$33 million grant bolsters VA law enforcement - WALB.com, South Georgia News, Weather, Sports

$33 million grant bolsters VA law enforcement


Police across Virginia are now spending $33 million on new equipment to make sure they're ready to face any kind of crisis shooter situation.

The Virginia Attorney General's Office handed out the checks Wednesday afternoon. 

A priority for the grant money is making sure Virginia officers are trained to handle crisis situations involving rampant shooters and the mentally ill especially in schools.

"Bad things happen around the Commonwealth every day. We don't ever want you without the most critical resources if we can do something about it," said Attorney General Ken Cuccinelli. "We never seem to get more than a little ways away without something else occurring in the news reminds us we have a lot more to do there."

The Hanover County Sheriff's Office received more than half a million dollars, which Sheriff David Hines says will be directed at securing schools.

"We're hoping to be able to purchase some equipment that will certainly help us enhance that safety while our students are at school," said Sheriff Hines.

VCU police received more than $2 million to create a training facility.

"It's critically important for us to have a facility so we can train for the very unique challenges that we have," said VCU Police Chief John Venuti.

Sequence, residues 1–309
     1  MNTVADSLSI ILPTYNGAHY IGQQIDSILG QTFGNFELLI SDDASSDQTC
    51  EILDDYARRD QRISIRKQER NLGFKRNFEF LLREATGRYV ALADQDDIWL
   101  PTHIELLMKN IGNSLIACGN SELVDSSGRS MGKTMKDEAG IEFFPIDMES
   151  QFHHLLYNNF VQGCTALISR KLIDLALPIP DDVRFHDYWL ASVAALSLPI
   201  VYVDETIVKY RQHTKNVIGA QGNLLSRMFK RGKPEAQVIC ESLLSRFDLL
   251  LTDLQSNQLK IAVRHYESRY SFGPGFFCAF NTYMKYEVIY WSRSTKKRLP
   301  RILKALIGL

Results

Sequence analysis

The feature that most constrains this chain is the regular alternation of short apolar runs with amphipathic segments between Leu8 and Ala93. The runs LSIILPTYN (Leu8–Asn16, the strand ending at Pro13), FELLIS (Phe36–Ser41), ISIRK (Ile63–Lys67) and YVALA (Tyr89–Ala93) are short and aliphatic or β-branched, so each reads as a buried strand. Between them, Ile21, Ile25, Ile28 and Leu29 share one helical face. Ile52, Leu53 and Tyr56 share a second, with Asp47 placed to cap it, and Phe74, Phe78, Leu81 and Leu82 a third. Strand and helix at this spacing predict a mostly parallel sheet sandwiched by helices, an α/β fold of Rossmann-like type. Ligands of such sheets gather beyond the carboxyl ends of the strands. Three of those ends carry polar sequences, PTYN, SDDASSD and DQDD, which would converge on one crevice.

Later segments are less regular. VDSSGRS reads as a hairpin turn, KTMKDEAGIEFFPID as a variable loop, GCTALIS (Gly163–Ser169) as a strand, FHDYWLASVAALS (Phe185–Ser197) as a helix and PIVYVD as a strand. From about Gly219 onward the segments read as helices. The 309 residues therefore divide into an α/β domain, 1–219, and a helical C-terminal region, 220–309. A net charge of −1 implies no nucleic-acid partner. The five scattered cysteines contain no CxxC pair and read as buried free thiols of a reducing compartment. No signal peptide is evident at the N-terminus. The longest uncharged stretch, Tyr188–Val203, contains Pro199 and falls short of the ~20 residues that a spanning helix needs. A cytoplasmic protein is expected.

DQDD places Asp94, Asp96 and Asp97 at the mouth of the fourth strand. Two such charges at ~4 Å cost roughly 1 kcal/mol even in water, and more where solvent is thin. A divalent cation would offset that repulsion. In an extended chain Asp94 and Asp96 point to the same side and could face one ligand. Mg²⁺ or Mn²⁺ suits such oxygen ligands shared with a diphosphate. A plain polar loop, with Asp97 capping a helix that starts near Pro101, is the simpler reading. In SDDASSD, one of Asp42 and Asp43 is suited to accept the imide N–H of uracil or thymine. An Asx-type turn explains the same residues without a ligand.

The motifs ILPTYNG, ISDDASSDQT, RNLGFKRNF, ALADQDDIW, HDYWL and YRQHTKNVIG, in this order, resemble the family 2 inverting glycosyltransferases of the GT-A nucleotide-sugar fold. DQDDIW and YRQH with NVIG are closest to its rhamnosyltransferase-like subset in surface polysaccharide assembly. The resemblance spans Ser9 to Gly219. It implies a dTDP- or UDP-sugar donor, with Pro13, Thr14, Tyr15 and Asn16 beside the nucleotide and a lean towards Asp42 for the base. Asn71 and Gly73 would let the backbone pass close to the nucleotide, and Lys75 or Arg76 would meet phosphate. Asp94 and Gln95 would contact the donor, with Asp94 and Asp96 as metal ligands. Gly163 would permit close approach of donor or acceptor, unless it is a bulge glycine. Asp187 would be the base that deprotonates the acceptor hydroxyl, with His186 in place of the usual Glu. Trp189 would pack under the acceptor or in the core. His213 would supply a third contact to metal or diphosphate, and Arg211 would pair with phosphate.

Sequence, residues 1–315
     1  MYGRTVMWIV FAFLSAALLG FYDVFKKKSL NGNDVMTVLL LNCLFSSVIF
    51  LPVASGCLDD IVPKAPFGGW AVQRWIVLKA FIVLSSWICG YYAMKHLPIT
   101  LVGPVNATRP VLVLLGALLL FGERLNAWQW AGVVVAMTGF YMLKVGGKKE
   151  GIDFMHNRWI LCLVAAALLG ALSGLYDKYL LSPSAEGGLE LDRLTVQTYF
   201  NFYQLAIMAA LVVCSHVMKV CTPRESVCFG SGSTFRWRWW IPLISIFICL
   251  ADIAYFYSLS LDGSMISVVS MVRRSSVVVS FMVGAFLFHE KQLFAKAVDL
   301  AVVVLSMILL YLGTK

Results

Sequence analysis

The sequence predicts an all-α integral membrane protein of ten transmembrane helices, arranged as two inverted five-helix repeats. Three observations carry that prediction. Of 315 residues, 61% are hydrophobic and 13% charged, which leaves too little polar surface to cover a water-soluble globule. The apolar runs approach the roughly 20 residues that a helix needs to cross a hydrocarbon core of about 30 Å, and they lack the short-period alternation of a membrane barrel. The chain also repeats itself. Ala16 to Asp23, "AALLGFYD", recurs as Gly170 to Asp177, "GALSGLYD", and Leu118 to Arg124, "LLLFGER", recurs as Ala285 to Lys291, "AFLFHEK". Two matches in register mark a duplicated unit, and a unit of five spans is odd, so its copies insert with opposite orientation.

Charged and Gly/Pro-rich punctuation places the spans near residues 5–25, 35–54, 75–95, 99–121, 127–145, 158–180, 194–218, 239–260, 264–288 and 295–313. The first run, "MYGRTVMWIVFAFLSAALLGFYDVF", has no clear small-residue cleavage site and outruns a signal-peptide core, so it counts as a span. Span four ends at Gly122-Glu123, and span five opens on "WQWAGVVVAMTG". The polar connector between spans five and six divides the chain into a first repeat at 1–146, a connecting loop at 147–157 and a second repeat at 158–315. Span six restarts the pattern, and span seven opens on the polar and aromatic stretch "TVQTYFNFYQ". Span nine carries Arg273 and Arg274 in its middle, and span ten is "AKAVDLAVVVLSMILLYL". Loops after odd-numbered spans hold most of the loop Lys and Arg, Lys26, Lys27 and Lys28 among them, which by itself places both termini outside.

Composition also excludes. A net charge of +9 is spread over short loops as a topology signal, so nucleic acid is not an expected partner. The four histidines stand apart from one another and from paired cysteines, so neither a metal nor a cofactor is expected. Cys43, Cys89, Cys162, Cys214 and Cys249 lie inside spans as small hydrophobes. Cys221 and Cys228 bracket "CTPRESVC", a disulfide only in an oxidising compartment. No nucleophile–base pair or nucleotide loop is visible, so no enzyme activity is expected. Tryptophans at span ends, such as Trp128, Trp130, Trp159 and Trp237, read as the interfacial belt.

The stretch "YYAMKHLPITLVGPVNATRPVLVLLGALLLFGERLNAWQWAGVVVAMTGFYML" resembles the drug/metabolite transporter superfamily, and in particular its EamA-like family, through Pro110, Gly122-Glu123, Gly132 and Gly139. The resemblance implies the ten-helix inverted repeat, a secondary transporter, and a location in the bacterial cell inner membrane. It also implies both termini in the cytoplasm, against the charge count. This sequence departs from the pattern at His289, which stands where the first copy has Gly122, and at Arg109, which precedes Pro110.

The complex will have a firing range, simulated shooting situations, and a classrooms for dealing with the mentally ill during intense standoffs.

"Obviously in the field of campus law enforcement, we have very unique and special challenges that we deal with on a daily basis. Some of those issues include mental health issues, as well as the extraordinary need and expectation of parents to keep their children safe each and every day," continued Venuti.

The location of the new facility is still under wraps. However, plans are already in the works. The facility is planned to be completed by the end of next year.

"I think the general trend across the United States is all of the agencies wanting to be ready when something like this happens and you can't do it without training," added Venuti.

Other local departments are investing in active shooter response programs, SWAT team gear, and other crisis training equipment.

The $33 million is part of a payoff from a massive health care fraud case. The Virginia Attorney General's Office headed up the investigation, which brought in $115 million for the state.

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